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I'm using Emacs since a long time and I've customized it quite a lot. I've even written simple ELisp functions and now I'm starting to use macros more and more. I'm not anywhere near a knowledgable Emacs user but I'm not either a complete beginner.

I'm using nxhtml, mumamo, dired, ido, custom keybindings and so many things I added throughout the years that I don't remember all of them ; )

But there's something I really never understood: what is the "font-lock" mode and why should I care?

For example, I've read that nxhtml and nxml, if I recall correctly, do not use font-locking. Maybe I didn't understand that part well but in either way: what does it change for me, as a user?

Or take for example this description about WhiteSpace:

Note that when WhiteSpace is turned on, WhiteSpace saves the font-lock state, that is, if font-lock is on or off. And WhiteSpace restores the font-lock state when it is turned off. So, if WhiteSpace is turned on and font-lock is off, WhiteSpace also turns on the font-lock to highlight blanks, but the font-lock will be turned off when WhiteSpace is turned off. Thus, turn on font-lock before WhiteSpace is on, if you want that font-lock continues on after WhiteSpace is turned off.

OK, fine. I understand that. But what does it change if font-lock continues after or not?

Basically I just don't "get it", no matter how much I read about the subject.

Any example/explanation as to what "font-lock" is under Emacs and why it concerns me would be most welcome!

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font locking is everything related to the effects applied on characters to make them looking different than their regular appearance. The whitespace-mode description that you are quoting tells you that whitespace-mode does not violate the minor modes code of conduct, which states that minor modes should not disturb one another. Even though whitespace-mode needs to activate font locking to make spaces looking different, it remembers your previous font locking state to put everything back in place when you deactivate it. –  Francesco Mar 19 '12 at 19:44
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2 Answers 2

font-lock-mode == colorful syntax highligthing. global-font-lock-mode enables font-locking for each and every mode in Emacs. Older Emacs version required you to enable it manually, newer version (23+ I think) enable this by default. I can't imagine that many people would want to turn off this feature, since it makes some type of content (like source code) immensely more readable. Every mode that uses font-lock relies on a certain set of faces - a combination of font properties like size, bold, underline, italic and color. The basic faces that most modes use are:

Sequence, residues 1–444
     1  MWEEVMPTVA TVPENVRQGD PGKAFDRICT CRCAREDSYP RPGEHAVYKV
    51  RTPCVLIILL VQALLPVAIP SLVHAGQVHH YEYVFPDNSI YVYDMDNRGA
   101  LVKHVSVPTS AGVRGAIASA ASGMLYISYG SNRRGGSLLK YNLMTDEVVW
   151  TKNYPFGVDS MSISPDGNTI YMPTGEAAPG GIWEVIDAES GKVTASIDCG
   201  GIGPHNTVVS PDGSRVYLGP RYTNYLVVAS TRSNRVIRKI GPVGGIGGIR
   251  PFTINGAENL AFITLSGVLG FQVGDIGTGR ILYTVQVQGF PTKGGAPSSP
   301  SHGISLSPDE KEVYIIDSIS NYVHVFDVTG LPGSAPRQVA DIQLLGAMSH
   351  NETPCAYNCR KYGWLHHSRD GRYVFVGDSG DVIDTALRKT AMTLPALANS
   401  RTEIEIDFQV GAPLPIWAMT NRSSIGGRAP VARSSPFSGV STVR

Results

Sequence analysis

font-lock-builtin-face
font-lock-comment-face
font-lock-comment-delimiter-face
font-lock-constant-face
font-lock-doc-face
font-lock-doc-string-face
font-lock-function-name-face
font-lock-keyword-face
font-lock-negation-char-face
font-lock-preprocessor-face
font-lock-string-face
font-lock-type-face
font-lock-variable-name-face
font-lock-warning-face

You can easily override their values if you'd like them (or use a different color-theme). Some modes happen to define additional faces as well.

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It displays your code with all the different colors (red for comments, green for class names, etc). If it's off, you get black-and-white code instead. Open up some code and execute M-x font-lock-mode a couple times to watch it switch on and off.

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ok but then how comes some mode like nxml or nxhtml say they're not using font-lock and yet display things in a lot of different colors? –  Cedric Martin Mar 19 '12 at 18:13
    
Is that what you're seeing? When I bring up an xml file in nxml mode, I can see the colors switch on and off when I toggle font-lock-mode. –  Vanessa MacDougal Mar 19 '12 at 18:37
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